Washington Area Known For Its Healing Waters is Site of EPA Asbestos Cleanup

Posted on April 18, 2016

Ironically, Soap Lake, Washington, world renowned for the miraculous healing abilities of the mineral- enriched waters, is now the site of an asbestos cleanup by the U.S. Environmental Protection Agency.

When officials tore down the old Delancey-Houghton Elementary School, there was apparently asbestos in the building that was not properly removed. The rubble that is left behind is contaminated with asbestos, and the EPA is moving in to clean up the hazardous waste. A shell of the building still exists at the site of the partially demolished building, and the EPA reports an asbestos health hazard is only an issue if someone enters the building hulls.

According to an April 6 article in iFiberOne, the EPA will begin cleanup in May at the abandoned site. The asbestos was only discovered after an anonymous tipster contacted the state over health concerns. The EPA then investigated the site and found asbestos in the material.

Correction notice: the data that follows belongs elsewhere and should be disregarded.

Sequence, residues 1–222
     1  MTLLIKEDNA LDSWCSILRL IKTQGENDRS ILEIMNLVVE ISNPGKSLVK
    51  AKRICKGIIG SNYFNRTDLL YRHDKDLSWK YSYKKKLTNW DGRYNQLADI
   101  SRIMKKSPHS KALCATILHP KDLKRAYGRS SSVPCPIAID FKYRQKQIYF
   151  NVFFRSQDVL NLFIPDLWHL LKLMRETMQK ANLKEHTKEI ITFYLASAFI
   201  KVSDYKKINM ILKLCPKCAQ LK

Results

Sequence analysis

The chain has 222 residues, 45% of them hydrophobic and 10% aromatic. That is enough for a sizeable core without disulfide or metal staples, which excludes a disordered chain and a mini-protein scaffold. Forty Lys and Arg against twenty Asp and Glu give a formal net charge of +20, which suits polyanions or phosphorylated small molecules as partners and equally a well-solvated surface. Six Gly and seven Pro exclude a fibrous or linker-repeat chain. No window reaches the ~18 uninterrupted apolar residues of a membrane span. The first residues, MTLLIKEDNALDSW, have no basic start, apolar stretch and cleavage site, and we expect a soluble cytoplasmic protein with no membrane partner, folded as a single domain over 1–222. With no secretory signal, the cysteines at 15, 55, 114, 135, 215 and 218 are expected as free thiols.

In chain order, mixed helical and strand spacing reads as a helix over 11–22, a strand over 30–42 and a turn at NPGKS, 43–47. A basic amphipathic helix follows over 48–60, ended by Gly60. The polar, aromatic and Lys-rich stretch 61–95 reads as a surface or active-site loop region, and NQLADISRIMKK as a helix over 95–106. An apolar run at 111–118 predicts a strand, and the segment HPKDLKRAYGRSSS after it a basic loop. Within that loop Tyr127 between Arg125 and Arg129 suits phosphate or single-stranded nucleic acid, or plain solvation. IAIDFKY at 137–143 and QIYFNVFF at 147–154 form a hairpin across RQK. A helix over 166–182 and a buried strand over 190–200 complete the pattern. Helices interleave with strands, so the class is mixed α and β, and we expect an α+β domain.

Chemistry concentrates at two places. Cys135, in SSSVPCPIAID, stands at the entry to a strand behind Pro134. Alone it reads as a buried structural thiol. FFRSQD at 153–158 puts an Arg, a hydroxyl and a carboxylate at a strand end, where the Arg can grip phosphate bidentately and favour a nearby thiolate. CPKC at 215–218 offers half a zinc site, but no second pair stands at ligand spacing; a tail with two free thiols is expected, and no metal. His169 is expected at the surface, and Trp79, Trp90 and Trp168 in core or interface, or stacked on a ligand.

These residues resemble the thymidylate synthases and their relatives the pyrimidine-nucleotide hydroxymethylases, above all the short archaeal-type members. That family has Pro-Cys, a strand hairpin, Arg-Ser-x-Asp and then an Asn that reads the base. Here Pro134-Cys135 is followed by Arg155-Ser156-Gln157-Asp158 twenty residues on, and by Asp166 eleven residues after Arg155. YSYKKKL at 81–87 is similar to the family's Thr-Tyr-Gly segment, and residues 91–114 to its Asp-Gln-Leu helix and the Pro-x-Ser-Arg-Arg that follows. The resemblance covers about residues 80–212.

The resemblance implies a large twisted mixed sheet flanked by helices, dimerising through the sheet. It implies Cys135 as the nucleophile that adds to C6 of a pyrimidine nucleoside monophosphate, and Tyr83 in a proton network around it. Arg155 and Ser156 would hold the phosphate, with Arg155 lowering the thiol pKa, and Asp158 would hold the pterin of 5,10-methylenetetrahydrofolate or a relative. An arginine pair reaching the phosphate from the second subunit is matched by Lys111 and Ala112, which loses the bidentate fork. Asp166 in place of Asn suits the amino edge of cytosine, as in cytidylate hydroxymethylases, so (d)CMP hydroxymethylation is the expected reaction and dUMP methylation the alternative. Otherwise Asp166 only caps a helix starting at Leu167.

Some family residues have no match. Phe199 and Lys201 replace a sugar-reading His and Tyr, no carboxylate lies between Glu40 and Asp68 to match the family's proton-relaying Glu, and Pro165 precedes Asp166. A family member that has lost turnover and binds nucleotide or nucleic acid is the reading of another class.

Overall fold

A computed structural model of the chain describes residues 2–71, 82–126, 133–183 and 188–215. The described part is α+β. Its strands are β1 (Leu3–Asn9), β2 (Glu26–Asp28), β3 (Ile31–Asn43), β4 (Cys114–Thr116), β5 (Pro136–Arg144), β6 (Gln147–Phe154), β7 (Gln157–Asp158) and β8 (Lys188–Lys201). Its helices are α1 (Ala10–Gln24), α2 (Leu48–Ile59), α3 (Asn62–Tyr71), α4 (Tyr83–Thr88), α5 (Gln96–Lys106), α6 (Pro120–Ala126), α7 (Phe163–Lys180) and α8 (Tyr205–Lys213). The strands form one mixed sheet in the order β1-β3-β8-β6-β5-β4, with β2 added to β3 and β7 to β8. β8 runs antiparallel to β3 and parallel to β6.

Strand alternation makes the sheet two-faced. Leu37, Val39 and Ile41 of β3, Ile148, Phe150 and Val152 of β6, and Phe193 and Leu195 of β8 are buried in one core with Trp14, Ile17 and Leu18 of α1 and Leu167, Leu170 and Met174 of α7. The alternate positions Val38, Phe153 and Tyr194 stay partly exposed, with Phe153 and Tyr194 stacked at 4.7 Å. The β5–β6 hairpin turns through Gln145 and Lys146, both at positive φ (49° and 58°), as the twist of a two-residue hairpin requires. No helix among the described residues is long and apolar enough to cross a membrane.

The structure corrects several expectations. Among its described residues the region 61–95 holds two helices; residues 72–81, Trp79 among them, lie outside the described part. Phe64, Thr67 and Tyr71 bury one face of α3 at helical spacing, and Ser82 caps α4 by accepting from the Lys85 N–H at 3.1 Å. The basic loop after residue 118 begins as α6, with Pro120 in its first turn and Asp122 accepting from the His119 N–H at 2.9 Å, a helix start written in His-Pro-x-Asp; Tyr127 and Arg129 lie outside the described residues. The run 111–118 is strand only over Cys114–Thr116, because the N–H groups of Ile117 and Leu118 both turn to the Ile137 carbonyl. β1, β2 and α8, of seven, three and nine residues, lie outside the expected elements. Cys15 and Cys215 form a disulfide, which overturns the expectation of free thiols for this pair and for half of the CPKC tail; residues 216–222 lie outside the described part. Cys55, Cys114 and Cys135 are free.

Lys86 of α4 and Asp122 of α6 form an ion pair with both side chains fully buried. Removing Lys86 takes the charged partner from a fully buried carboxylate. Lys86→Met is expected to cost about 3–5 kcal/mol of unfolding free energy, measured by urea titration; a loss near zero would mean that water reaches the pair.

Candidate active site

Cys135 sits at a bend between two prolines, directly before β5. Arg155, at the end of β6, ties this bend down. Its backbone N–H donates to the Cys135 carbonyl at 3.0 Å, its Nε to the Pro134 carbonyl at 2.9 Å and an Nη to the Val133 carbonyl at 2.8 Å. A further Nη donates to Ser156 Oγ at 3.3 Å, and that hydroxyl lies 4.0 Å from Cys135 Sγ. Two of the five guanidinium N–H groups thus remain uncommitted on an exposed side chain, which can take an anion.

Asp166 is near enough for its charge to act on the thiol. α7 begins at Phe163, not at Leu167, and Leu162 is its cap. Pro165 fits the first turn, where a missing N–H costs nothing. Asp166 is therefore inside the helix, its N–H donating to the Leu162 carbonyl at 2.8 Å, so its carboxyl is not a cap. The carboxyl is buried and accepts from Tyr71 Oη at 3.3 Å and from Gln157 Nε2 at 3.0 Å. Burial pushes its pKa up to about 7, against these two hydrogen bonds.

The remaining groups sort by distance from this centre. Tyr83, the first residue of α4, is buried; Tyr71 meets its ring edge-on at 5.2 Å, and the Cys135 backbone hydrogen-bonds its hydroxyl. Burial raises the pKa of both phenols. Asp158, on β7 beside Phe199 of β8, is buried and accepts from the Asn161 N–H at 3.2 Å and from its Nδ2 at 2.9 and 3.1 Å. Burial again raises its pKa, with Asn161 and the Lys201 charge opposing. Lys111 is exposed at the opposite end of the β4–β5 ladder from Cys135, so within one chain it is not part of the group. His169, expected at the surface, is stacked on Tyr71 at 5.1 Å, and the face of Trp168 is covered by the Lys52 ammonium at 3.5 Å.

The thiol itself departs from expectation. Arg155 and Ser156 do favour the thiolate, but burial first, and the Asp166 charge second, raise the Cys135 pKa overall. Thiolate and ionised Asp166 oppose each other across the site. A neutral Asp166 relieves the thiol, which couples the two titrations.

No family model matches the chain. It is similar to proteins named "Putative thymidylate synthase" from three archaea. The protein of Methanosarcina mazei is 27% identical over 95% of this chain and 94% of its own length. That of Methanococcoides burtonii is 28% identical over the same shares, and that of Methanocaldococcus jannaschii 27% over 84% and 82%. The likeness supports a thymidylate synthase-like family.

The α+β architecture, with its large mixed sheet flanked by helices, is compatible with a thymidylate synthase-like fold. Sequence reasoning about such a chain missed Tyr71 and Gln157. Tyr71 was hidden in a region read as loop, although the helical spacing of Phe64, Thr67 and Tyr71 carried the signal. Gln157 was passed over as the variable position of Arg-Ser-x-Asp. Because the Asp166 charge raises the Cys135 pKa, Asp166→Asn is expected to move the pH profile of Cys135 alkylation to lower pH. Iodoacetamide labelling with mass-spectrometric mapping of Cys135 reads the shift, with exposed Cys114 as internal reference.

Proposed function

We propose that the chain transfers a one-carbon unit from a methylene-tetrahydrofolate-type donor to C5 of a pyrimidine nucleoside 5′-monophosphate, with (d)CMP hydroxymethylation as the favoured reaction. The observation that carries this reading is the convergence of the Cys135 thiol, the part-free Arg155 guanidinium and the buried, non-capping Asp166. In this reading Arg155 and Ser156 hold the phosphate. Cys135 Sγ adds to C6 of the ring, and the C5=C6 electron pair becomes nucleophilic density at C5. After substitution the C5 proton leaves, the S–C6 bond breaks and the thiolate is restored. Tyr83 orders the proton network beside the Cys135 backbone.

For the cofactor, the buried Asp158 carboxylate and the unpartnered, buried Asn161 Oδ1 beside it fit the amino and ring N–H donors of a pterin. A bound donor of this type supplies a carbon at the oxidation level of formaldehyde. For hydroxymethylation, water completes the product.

Many older schools and buildings, built prior to the 1980s, were built with materials that contain asbestos, and still harbor asbestos-containing materials. According to the EPA, asbestos that is in good condition and left undisturbed is unlikely to present a health risk. However, the Agency reports that there is no safe level of asbestos exposure. The former school was built in the mid-1940s.

Risk of mesothelioma, lung cancer or other asbestos-related diseases becomes an issue when asbestos is damaged or disturbed where asbestos fibers become airborne and can be inhaled. Mesothelioma is a terminal cancer that often leaves patients with few treatment options and a prognosis of less than one year after diagnosis.

Prior to destroying the school, officials should have ordered an asbestos abatement project to identify, contain and safely remove any asbestos. It is critical that guidelines such as these are followed before demolishing an old building, like the elementary school, to prevent the toxic dust from becoming airborne. Unlike many environmental toxins, asbestos has a long latency period before symptoms become apparent. It can take between 15 and 60 years before an asbestos-related disease is diagnosed.